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Title: The effect of intrinsic crumpling on the mechanics of free-standing graphene

Free-standing graphene is inherently crumpled in the out-of-plane direction due to dynamic flexural phonons and static wrinkling. We explore the consequences of this crumpling on the effective mechanical constants of graphene. We develop a sensitive experimental approach to probe stretching of graphene membranes under low applied stress at cryogenic to room temperatures. We find that the in-plane stiffness of graphene is 20–100 N m–1 at room temperature, much smaller than 340 N m–1 (the value expected for flat graphene). Moreover, while the in-plane stiffness only increases moderately when the devices are cooled down to 10 K, it approaches 300 N m–1 when the aspect ratio of graphene membranes is increased. Finally, these results indicate that softening of graphene at temperatures <400 K is caused by static wrinkling, with only a small contribution due to flexural phonons. Altogether, these results explain the large variation in reported mechanical constants of graphene devices and pave the way towards controlling their mechanical properties.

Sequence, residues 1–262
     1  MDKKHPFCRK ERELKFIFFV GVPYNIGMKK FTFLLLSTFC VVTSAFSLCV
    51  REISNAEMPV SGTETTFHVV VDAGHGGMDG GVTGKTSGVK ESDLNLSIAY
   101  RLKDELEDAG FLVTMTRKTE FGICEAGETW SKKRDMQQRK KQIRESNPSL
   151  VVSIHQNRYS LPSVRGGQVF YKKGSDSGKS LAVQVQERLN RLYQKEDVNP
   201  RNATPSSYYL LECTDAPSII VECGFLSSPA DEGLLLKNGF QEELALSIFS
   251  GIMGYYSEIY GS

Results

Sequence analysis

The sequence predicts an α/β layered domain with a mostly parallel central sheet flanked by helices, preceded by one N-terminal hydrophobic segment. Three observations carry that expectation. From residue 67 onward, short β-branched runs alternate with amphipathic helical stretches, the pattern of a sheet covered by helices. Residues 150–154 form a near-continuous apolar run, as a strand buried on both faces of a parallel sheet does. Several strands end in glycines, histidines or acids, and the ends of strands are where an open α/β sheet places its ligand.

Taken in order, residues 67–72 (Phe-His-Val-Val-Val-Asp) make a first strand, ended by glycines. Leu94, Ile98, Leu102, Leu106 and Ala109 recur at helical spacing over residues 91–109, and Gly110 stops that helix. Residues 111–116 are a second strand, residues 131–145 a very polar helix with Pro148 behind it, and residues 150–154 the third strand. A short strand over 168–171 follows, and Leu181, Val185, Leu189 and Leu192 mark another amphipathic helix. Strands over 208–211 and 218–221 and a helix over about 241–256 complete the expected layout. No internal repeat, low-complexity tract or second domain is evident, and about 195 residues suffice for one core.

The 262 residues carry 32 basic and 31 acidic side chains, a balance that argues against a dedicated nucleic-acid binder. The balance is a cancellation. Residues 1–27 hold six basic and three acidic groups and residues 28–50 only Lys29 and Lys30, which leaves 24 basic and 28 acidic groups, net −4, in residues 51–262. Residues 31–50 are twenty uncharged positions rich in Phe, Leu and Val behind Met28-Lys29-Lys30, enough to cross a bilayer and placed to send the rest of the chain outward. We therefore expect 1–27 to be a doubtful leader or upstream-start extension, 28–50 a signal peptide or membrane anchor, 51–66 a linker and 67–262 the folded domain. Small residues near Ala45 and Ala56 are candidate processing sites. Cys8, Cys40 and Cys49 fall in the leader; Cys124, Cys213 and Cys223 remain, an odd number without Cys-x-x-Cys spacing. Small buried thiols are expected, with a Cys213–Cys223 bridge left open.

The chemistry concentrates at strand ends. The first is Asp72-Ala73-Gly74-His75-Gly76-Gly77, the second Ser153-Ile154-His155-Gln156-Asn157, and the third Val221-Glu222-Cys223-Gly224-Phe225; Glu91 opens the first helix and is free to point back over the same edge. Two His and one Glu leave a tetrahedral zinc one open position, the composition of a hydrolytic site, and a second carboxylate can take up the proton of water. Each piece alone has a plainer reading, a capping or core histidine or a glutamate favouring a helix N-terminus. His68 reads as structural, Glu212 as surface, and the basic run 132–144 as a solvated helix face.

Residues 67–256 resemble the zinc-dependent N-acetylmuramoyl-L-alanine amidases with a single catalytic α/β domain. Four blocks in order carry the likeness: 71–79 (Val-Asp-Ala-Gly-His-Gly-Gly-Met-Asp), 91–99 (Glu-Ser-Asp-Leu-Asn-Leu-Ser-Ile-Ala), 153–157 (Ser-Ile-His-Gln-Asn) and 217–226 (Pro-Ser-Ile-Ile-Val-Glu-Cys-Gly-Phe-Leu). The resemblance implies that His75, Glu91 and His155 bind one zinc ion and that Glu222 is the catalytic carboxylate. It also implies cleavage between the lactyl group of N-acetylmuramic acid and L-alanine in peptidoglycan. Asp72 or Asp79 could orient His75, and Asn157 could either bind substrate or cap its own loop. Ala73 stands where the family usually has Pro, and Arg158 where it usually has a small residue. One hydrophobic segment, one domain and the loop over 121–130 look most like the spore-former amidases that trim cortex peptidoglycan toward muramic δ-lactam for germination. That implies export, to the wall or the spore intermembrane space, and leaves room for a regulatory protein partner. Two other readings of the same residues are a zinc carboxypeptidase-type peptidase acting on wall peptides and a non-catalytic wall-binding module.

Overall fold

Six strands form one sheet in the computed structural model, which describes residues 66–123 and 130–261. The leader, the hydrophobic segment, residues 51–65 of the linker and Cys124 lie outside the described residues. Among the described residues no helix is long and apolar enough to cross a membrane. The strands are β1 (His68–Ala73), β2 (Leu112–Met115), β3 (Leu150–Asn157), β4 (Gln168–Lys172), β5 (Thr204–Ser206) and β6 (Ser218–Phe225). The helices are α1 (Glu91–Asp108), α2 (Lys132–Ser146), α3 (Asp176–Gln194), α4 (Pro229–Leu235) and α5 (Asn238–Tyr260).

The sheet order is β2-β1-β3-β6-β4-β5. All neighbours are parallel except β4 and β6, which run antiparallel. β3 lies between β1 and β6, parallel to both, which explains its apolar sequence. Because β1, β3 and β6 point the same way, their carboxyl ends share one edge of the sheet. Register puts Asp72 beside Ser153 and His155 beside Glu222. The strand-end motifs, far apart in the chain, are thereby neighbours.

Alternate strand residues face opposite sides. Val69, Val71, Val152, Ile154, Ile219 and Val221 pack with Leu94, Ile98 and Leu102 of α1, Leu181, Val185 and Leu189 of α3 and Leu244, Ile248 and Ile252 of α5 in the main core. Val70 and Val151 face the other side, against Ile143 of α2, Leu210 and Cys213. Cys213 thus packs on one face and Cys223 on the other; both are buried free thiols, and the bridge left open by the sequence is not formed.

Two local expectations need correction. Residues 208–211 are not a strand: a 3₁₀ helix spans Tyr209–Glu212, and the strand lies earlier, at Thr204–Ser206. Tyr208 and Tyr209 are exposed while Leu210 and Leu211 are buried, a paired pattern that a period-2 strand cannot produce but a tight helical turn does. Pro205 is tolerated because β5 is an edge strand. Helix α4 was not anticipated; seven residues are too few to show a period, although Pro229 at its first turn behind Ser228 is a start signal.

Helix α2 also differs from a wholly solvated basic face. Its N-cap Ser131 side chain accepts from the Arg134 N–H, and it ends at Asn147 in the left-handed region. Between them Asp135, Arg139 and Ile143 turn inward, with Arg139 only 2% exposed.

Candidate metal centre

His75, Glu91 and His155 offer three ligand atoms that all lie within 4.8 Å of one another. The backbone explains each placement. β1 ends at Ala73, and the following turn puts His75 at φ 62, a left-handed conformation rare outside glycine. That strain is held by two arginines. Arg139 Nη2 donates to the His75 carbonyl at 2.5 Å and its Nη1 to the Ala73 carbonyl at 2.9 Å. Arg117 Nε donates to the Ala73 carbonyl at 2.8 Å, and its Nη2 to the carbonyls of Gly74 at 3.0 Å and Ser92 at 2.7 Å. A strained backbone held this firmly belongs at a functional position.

[1] ;  [1] ;  [2] ;  [2] ;  [1] ;  [1] ;  [1] ;  [3]
  1. Vanderbilt Univ., Nashville, TN (United States)
  2. Oak Ridge National Lab. (ORNL), Oak Ridge, TN (United States)
  3. Vanderbilt Univ., Nashville, TN (United States); Freie Univ. Berlin, Berlin (Germany)
Publication Date:
OSTI Identifier:
Grant/Contract Number:
FG02-09ER46554; AC05-00OR22725; NSF CAREER 4-20-632-3391; HDTRA1-15-1-0036
Accepted Manuscript
Journal Name:
Nature Communications
Additional Journal Information:
Journal Volume: 6; Journal ID: ISSN 2041-1723
Nature Publishing Group
Research Org:
Oak Ridge National Laboratory (ORNL), Oak Ridge, TN (United States)
Sponsoring Org:
USDOE Office of Science (SC)
Country of Publication:
United States